I am new to python, and i read some code snippet from some place. It's an implementation of counting sort.

The code is as below:

from collections import defaultdict
def sort_colors(A):
    ht = {}                        # a hash map
    ht = defaultdict(lambda:0, ht) # with default value 1
    for i in A:
         ht[i] += 1
    ret = []
    for k in [0, 1, 2]:
    return ret

As in the first two lines of the func, it's

ht = {}
ht = defaultdict(lambda:0, ht)

I am not quite clear about this initialization.Could you kindly help me figure it out? and also, Shall we just replace these two lines with following?

ht = defaultdict(int) # default value 0
  • 3
    As long as you're importing from collections, may as well just use a Counter.
    – Kevin
    May 20, 2015 at 17:51
  • 3
    The default value there is not 1, it's 0.
    – Matt Ball
    May 20, 2015 at 17:51
  • 3
    Try ht = defaultdict(lambda: 1) # with default value 1 and delete the preceding ht = {} which doesn't accomplish anything since you change the value of ht in the next line.
    – martineau
    May 20, 2015 at 18:01

3 Answers 3


Short answer (as per Montaro's answer below)


Long answer on how defaultdicts work

ht = {}
ht = defaultdict(lambda:0, ht)

defaultdicts are different from dict in that when you try to access a regular dict with a key that does not exists, it raises a KeyError.
defaultdict, however, doesn't raise an error: it creates the key for you instead. With which value? With the return of the callable you passed as an argument. In this case, every new keys will be created with value 0 (which is the return of the simple lambda function lambda:0), which also happens to be the same return of int() , so in this case, there would be no difference in changing the default function to int().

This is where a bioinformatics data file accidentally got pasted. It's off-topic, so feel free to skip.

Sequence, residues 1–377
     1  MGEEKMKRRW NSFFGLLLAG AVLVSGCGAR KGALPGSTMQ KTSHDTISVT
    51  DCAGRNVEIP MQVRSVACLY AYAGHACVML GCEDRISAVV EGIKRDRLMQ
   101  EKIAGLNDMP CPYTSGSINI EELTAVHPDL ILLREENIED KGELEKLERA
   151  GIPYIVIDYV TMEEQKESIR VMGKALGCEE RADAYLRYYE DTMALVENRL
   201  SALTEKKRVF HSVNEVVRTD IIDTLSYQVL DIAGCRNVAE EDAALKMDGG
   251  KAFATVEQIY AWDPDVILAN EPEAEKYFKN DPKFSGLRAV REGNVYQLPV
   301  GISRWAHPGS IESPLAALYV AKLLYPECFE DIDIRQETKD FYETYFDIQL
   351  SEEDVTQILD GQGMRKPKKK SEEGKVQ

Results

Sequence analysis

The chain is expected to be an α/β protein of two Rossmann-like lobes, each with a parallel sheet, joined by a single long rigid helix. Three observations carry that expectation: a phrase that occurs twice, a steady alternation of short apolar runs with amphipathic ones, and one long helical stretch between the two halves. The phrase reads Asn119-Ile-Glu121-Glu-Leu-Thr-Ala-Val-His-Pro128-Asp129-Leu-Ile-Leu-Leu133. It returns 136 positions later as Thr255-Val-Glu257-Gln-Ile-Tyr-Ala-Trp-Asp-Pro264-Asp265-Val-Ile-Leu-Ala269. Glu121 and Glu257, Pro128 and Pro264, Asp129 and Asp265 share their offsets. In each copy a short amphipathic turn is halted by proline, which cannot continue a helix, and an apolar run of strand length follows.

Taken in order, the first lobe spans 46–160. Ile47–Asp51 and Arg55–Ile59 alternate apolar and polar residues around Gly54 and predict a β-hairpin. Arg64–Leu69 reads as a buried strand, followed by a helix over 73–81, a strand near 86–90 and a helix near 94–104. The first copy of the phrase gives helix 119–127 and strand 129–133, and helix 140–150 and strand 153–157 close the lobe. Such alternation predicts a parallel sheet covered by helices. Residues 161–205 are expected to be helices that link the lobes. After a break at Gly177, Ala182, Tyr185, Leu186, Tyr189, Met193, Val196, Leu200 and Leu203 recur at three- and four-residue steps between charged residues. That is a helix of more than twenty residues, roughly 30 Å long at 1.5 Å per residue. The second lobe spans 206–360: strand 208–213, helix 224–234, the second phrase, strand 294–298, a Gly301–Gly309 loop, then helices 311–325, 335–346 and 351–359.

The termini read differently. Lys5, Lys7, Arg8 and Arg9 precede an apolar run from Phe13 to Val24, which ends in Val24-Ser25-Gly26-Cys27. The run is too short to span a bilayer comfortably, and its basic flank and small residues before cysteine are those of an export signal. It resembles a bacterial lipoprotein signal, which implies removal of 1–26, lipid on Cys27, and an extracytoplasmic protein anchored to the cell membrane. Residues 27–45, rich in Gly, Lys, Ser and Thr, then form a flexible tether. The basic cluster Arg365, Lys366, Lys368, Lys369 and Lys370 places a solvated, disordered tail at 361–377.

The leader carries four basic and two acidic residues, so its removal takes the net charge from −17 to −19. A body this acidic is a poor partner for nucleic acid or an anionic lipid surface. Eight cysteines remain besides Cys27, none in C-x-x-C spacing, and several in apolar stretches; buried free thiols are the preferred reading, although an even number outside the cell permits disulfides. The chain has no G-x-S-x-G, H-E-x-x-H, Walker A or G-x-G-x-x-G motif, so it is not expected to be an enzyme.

Breaking down this line in more detail: ht = defaultdict(lambda:0, ht)

The first argument is a function, which is a callable object. This is the function that will be called to create a new value for an inexistent key. The second argument, ht is optional and refers to the base dictionary that the new defaultdict will be built on. Therefore, if ht had some keys and values, the defaultdict would also have these keys with the corresponding values. If you tried to access these keys, you would get the old values. However, if you did not pass the base dictionary, a brand new defaultdict would be created, and thus, all new keys accessed would get the default value returned from the callable.
(In this case, as ht is initially an empty dict, there would be no difference at all in doing ht = defaultdict(lambda:0) , ht = defaultdict(int) or ht = defaultdict(lambda:0, ht) : they would all build the same defaultdict.

  • (lambda:0, ht) is just to be callable with 0?
    – chancyWu
    May 20, 2015 at 17:58
  • That is correct. I edited the post to break it down in more detail
    – rafaelc
    May 20, 2015 at 18:03
  • Thanks for the answer. Do you know how to make the constant always different? I explain: defaultdict(lambda: 'string', ht) will not work as expected because all new keys will share the same instance of 'string'. How can I provide a copy each time? Note that defaultdict(lambda: copy.copy('string'), ht) does not work because copy is evaluated only once.
    – Dr_Zaszuś
    Jun 23, 2020 at 9:46
  • @Dr_Zaszuś I'm sorry, but I don't think I understand your example. Strings are immutable and some are interned, so even if you do x = "some string" and b = copy.copy(x), you could still find that x is b == True. So it wouldn't really matter in this case to use copy or not. Could you explain a little further?
    – rafaelc
    Jun 23, 2020 at 13:51
  • One challenge with this approach is that the resulting dictionary cannot be pickled. You can convert it to an ordinary dictionary (ht=dict(ht)) and then do it.
    – Dr Xorile
    Jun 22 at 2:24

I think you can just pass a lambda function that returns 1

from collections import defaultdict

d = defaultdict(lambda: 1)

Equivalent to @Montaro's answer:

def a():
    return 1

d = defaultdict(a)

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